Tenfold Hate


Do Gamers Take Technology For Granted?
November 12, 2007, 1:39 pm
Filed under: Gaming, MMORPGs

When I think of cool features I’d like to see in an MMORPG, the same thing tops my list each time: a living, breathing world that players have the ability to impact. In its earlier stages of development, Vanguard hinted at such a world without delivering. Even now, the mightily hyped Warhammer seems to be retreating from the promise of “WAR mattering” in this regard.

Doesn’t the blacksmith ever sleep? The poor bastard is slaving away at his anvil whether I log in at four in the afternoon or one o’clock in the morning. Is the farmer’s daughter condemned to a life standing stationary outside the barn door waiting for adventurers to deliver her another dozen wolf paws? There have been baby steps made on this front, but whether we’re razing forests or planting trees, sacking cities or building homes, I want to see games over the next five years move away from the predominantly static worlds we’ve become accustomed to.

This is a tricky subject however, because there comes a point when one group of player’s ability to alter the world can detract from another group of player’s enjoyment of it. The old “If my rivals sack my home city, where can I learn new skills and stock up on arrows?” problem. “If Guild L337 already killed the Minotaur King enslaving the village, what does that leave us peons to do but grind more kobolds in the swamp?” We deal with our fill of this kind of crap enough in real life, do we really want to contend with it in-game? Instancing is the immediate solution to the problem, but it’s a band aid on a shotgun wound that doesn’t bring us any closer to the day of truly seamless, player-impacted environments.

Are studios simply treating the types of hurdles typically faced in any creative endeavor as if they’re impenetrable obstacles? Is this naivete on my part as someone who knows little about game design, programming, and coding? Does technology need a few years to catch up with what we as gaming enthusiasts want out of our games? A horse can only go so fast no matter how skilled the jockey. Perhaps we’ve been too spoiled and have come to demand too much. Or maybe the bones we’re thrown here and there are enough to satiate our hunger for the time being.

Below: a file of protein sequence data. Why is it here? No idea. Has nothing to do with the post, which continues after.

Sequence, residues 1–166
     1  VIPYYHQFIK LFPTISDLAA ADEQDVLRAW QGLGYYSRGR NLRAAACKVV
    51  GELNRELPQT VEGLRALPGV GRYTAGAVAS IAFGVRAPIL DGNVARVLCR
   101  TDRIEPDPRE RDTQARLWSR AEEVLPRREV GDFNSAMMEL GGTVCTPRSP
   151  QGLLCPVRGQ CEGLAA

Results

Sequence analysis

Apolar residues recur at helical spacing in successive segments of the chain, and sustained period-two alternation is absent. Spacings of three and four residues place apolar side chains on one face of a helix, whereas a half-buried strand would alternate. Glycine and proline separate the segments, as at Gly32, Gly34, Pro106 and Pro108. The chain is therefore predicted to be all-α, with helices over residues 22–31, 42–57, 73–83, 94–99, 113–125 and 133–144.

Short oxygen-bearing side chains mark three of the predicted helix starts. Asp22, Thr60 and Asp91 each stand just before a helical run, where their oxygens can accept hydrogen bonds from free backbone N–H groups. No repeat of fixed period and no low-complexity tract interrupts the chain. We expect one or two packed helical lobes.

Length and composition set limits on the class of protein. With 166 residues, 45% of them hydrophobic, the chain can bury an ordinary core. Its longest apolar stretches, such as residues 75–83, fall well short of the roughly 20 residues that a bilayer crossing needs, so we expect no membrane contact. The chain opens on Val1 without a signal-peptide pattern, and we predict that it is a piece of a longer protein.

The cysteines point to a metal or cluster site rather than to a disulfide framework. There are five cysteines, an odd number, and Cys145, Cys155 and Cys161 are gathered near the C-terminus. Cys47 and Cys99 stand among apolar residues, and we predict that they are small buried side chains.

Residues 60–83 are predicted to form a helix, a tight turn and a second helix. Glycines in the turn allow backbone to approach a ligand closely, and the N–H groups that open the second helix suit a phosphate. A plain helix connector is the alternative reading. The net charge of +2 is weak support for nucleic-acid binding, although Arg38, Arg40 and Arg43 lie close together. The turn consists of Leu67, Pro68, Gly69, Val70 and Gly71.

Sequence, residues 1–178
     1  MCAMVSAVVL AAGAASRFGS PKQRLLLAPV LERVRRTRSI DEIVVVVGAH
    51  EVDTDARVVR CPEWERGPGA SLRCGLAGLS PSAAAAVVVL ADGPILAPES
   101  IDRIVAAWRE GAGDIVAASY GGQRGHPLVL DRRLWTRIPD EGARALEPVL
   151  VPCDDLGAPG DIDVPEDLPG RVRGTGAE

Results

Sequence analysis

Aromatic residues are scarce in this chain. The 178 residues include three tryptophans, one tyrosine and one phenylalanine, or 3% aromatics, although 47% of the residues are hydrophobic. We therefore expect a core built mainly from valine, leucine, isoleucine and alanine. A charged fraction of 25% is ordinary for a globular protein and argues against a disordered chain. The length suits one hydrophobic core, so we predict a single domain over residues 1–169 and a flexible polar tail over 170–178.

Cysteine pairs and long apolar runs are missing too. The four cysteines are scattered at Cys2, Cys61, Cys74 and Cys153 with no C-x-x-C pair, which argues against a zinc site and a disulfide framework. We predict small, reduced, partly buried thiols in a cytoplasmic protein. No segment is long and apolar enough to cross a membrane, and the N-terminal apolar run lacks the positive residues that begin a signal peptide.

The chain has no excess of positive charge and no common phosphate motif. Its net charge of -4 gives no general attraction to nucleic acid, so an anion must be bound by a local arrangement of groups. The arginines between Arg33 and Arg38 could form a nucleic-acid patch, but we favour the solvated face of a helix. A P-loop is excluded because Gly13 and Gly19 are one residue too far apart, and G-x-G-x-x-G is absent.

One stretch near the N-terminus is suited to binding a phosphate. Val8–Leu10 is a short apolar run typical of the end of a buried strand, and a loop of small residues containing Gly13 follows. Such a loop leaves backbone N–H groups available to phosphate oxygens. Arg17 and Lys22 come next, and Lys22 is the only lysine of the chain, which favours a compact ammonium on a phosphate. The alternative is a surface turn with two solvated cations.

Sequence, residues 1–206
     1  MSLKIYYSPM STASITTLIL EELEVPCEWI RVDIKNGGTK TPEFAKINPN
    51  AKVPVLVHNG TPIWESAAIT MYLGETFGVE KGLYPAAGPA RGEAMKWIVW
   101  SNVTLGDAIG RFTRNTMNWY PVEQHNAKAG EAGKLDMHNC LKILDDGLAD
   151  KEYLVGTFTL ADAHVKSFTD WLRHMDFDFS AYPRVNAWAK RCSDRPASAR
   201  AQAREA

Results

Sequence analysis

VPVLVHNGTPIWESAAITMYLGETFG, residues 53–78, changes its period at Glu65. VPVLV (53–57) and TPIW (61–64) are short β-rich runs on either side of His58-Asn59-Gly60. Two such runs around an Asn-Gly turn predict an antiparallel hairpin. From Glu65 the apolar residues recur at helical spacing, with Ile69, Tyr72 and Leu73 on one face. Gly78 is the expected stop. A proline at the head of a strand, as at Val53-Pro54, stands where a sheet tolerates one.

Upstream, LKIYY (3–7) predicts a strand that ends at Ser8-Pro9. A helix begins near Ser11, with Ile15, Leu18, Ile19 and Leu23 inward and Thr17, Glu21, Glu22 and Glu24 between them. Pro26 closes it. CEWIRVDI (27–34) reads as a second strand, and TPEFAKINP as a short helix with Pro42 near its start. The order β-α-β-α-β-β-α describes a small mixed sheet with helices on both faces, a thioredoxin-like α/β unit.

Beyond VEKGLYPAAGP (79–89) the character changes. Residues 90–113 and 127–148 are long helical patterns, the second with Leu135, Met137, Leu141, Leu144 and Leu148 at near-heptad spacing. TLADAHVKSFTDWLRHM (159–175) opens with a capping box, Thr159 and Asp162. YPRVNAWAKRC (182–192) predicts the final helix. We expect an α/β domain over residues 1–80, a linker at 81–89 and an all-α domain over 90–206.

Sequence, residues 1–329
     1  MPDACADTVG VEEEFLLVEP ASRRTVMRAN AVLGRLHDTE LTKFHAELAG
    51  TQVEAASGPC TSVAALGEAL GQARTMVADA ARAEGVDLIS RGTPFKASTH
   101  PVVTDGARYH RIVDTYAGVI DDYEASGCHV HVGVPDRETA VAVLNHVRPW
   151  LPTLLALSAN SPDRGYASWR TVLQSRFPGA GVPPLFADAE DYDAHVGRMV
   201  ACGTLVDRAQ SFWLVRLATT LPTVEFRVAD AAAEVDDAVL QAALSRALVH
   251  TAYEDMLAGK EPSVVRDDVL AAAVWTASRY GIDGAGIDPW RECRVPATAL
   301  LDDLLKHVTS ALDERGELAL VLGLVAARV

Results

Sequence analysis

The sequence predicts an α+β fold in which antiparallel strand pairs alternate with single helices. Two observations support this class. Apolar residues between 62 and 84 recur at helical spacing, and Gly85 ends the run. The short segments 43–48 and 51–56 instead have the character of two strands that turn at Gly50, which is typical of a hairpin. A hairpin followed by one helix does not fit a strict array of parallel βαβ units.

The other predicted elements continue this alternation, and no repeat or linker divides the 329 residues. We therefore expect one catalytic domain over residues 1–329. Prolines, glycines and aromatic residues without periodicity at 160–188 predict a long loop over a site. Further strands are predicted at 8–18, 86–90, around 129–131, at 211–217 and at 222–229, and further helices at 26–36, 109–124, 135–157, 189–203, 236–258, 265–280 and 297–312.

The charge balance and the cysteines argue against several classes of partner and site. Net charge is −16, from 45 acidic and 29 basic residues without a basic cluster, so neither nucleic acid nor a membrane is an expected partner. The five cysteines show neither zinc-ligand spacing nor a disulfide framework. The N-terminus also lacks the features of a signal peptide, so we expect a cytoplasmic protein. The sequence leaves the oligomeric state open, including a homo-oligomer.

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2 Comments

I’ve pondered this myself. I wonder if this is a technology challenge or a design one?

Seems you have a continuum defined by two polar opposite experiences currently: The Guildwars/DDO (game lobby with instanced world) all the way to the Ultima/Eve type one continuous world.

Most games have attempted in various ways to effectively layer single player (even grouped) experiences on top of each other (i.e., everyone kills Hogger) rather than having worlds affected by player actions. There are few if any truly server-wide events and for good reason. If there was only one Hogger, 4999 other players on the server would have little to do.

Hard to say whether the devs just said, “Let’s just write a quest line that leads up to killing a named. Since everyone has to do it, we’ll just make it a fast respawn.”

From a single player perspective, it may make sense to progress through Hogger, but watching literally millions “kill” Hogger doesn’t seem too immersive to me. Makes sense from a player development perspective, but often I feel like I’m just looking over someoneelse’s shoulder while they play a different game.

Instancing for the bigger stuff solves the spawn camping problem, but doesn’t really address the core issue– implementing unique player specific goals or rewards in a massively multiplayer world.

Ironically, “kill ten rats” is probably the most truly immersive quest ever written– Rats are a problem (story), they multiply quickly (respawn, context appropriate) and they are not unique mobs! 😉

Comment by TheNut

Heh heh, I definitely agree with your “kill ten rats” observation. The core issue is, as you articulated perfectly, “implementing unique player specific goals in a massive multiplayer world.” I just can’t help but think studios are much closer to being able to do this from a technological standpoint than current MMORPG releases would imply. It’s kind of funny to direct players on supposedly epic quests or missions, only to have them feel like assembly line circus dogs queued up to jump through a hoop.

Comment by tenfoldhate




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